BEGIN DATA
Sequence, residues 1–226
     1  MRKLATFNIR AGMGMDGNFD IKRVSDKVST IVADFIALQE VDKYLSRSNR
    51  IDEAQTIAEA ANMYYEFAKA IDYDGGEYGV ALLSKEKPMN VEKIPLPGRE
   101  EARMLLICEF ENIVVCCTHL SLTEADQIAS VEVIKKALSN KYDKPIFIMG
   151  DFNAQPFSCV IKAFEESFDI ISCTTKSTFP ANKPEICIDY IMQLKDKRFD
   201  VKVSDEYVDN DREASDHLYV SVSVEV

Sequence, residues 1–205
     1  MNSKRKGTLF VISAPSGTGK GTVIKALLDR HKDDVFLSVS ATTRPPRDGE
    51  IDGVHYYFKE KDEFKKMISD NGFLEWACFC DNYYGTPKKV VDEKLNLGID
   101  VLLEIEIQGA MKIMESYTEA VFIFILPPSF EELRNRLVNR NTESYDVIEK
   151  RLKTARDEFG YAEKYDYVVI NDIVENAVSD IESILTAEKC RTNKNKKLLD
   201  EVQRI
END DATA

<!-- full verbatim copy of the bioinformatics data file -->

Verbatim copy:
Sequence, residues 1–226
     1  MRKLATFNIR AGMGMDGNFD IKRVSDKVST IVADFIALQE VDKYLSRSNR
    51  IDEAQTIAEA ANMYYEFAKA IDYDGGEYGV ALLSKEKPMN VEKIPLPGRE
   101  EARMLLICEF ENIVVCCTHL SLTEADQIAS VEVIKKALSN KYDKPIFIMG
   151  DFNAQPFSCV IKAFEESFDI ISCTTKSTFP ANKPEICIDY IMQLKDKRFD
   201  VKVSDEYVDN DREASDHLYV SVSVEV

Sequence, residues 1–205
     1  MNSKRKGTLF VISAPSGTGK GTVIKALLDR HKDDVFLSVS ATTRPPRDGE
    51  IDGVHYYFKE KDEFKKMISD NGFLEWACFC DNYYGTPKKV VDEKLNLGID
   101  VLLEIEIQGA MKIMESYTEA VFIFILPPSF EELRNRLVNR NTESYDVIEK
   151  RLKTARDEFG YAEKYDYVVI NDIVENAVSD IESILTAEKC RTNKNKKLLD
   201  EVQRI